Spill Prevention and Response

Spills in the workplace cause hazards from slips and falls, exposure to the spilled material, and accidental release into the environment. Know the proper storage, handling, use, and spill response for the materials in your workplace.

Get training on your worksite spill response plan and the materials that you use and store. Read the safety data sheets (SDS) that explain correct spill response techniques, cleanup methods, and disposal. Know when it is safe for you to clean up a spill yourself and when to call your supervisor, the company spill response team, or an outside resource for assistance. Know what equipment you will need to clean-up properly. Use appropriate personal protective equipment (PPE) for spill response such as gloves, safety glasses, coveralls, and/or respirators. Know where your spill response materials are located at work and how to use them.

In order to prevent spills, use good storage techniques. Place materials in compatible groups and appropriate storage containers. Securely seal materials before storage. Keep materials sheltered and in the proper environment. Post material storage areas with spill response procedures and emergency phone numbers.

Limit the amounts of new and hazardous materials stored on your site to minimize the risk and size of spills. Place materials out of the lane of foot and vehicle traffic to prevent accidental spills. Store materials indoors and away from exterior doors and sewer drains to prevent accidental releases to the environment. Consider double containers for materials stored in large quantities, that may create a difficult cleanup task, or that can be toxic or hazardous even if spilled in small amounts.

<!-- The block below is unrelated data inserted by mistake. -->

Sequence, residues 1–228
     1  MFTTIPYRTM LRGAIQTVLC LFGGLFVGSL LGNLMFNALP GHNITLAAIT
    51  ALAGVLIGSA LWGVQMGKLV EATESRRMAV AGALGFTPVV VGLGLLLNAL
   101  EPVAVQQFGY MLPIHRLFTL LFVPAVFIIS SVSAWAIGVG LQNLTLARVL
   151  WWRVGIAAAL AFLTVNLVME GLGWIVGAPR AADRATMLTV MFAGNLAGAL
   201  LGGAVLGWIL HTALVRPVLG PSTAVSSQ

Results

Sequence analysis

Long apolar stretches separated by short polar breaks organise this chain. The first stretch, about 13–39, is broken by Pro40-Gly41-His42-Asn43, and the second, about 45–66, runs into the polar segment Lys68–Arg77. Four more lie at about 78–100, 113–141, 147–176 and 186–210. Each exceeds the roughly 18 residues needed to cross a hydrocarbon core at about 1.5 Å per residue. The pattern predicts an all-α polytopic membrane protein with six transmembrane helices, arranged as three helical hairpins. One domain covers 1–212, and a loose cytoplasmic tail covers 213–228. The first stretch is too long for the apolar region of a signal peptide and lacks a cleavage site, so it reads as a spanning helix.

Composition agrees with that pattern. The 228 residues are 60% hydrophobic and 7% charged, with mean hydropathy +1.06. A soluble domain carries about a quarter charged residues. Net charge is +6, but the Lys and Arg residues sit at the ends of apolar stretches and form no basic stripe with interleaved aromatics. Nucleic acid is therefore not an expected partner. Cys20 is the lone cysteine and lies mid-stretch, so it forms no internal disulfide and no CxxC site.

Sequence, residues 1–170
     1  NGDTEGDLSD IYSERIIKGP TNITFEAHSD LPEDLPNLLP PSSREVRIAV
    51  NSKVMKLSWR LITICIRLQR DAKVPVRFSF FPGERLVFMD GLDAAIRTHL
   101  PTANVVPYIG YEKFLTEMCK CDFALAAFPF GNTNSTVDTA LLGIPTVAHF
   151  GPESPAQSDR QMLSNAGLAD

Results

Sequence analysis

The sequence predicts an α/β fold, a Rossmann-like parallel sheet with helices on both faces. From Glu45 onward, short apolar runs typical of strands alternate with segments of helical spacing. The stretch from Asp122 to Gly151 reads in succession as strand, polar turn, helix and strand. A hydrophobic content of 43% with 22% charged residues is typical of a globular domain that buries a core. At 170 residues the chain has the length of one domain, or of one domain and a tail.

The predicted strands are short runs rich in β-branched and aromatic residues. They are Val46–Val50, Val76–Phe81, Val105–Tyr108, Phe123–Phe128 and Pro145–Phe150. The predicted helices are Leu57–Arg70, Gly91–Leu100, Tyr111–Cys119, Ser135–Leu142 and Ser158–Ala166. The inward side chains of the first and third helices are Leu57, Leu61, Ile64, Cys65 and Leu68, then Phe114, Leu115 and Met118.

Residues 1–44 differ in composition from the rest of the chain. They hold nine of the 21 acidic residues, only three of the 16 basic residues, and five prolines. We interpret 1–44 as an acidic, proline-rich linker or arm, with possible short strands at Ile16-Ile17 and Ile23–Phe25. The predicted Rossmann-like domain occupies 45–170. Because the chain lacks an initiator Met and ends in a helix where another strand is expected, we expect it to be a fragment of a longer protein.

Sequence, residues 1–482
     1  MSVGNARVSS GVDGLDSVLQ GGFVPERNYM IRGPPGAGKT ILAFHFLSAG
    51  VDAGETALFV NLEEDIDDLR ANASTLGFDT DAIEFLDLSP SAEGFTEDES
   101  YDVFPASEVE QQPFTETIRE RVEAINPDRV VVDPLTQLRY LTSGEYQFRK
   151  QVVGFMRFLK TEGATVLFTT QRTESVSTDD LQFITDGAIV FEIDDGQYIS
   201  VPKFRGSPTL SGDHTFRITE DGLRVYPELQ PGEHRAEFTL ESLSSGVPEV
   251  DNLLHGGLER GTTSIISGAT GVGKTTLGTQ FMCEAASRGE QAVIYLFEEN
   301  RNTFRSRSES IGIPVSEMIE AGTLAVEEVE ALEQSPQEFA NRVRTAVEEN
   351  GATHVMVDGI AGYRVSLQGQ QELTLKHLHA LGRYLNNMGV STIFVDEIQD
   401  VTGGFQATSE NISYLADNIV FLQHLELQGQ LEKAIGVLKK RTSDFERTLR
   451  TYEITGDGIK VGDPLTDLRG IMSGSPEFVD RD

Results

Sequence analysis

When you move or dispense materials, handle them properly to prevent spills. Consider double containers when you are transporting materials. Carry one item at a time when you are moving or dispensing chemicals. Place multiple items in a rolling cart or tray instead of trying to carry them all at once. Check storage equipment, material lines, and dispensing areas for signs of leaks and maintain this equipment regularly. Never leave chemical filling stations unattended.

If you cause a spill or find a spill, immediately notify your supervisor and coworkers in the area. If the spilled material is flammable or volatile, shut off flame sources and air the area out if it is safe to do so. If possible, protect floor drains or outside access areas from the spill. Cordon off the spill area to prevent further access and potential exposures. If you or a coworker was exposed to the spilled material, use emergency eye washes or showers for at least 15 minutes, get to a well-ventilated area, and seek medical attention if needed.

Using your worksite spill response plan and information about the material, determine if the spill is small enough and of the type that you can clean up yourself. Generally, spills of one cup or less can be wiped up with paper toweling or absorbent spill kit materials. Spills of approximately one gallon can be cleaned up with spill kit materials such as spill socks, pads, or absorbents. If you use loose absorbent materials, spread them around the spill and work toward the inside to reduce splashing or spreading the spill. Spills over 2 gallons in size may require emergency cleanup from a worksite spill response team or an outside resource.

Use a brush or broom and a scoop or dustpan to gather spill absorbents and soaked towels, socks or pillows. Decontaminate the floor, tools, and other surfaces that were exposed to the spill. Place used spill response materials, including contaminated PPE and other items, in a double plastic bag and then place the bag inside a plastic or metal drum. Label these materials as hazardous waste along with the date and the materials that were spilled. Arrange for proper storage and disposal of all spill materials.

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